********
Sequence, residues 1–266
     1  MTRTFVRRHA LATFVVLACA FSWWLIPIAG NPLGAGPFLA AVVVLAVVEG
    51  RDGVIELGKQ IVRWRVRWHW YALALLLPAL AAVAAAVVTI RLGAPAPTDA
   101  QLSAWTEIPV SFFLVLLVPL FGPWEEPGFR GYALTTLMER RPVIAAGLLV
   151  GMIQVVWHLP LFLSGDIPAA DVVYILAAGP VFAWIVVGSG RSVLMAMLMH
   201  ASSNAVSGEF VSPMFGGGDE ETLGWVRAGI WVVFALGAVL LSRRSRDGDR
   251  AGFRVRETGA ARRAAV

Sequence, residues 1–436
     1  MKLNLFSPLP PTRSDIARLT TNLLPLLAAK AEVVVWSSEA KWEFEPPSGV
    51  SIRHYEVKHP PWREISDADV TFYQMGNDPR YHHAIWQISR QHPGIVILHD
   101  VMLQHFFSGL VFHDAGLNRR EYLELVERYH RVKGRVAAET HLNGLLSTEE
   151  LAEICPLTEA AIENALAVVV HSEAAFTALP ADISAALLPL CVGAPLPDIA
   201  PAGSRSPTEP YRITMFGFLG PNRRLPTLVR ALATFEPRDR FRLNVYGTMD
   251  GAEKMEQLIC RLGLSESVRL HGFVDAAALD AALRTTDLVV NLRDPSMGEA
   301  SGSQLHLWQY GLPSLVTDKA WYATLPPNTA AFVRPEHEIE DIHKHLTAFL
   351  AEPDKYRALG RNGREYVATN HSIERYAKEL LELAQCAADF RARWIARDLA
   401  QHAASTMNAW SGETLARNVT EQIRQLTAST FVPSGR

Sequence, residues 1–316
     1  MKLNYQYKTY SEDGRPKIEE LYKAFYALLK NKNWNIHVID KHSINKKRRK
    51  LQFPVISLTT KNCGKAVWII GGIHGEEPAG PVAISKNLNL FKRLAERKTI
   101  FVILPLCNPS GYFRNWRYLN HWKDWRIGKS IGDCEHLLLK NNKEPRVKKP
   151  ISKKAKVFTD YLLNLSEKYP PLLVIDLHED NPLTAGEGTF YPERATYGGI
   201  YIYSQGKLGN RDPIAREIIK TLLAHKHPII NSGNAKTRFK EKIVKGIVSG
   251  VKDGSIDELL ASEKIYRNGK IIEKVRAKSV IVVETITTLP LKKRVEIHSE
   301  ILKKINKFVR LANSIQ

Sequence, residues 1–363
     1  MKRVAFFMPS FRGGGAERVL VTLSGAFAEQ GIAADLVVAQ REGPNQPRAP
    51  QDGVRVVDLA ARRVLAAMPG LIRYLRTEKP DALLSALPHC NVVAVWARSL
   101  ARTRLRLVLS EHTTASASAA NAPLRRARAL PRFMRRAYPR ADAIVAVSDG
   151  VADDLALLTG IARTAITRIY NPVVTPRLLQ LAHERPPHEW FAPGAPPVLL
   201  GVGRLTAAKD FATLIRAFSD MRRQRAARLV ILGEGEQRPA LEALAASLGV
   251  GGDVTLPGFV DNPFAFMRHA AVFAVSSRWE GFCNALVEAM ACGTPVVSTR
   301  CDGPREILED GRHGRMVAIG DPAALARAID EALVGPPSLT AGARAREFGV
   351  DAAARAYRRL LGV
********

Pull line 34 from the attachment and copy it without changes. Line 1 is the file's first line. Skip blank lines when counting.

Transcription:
   351  DAAARAYRRL LGV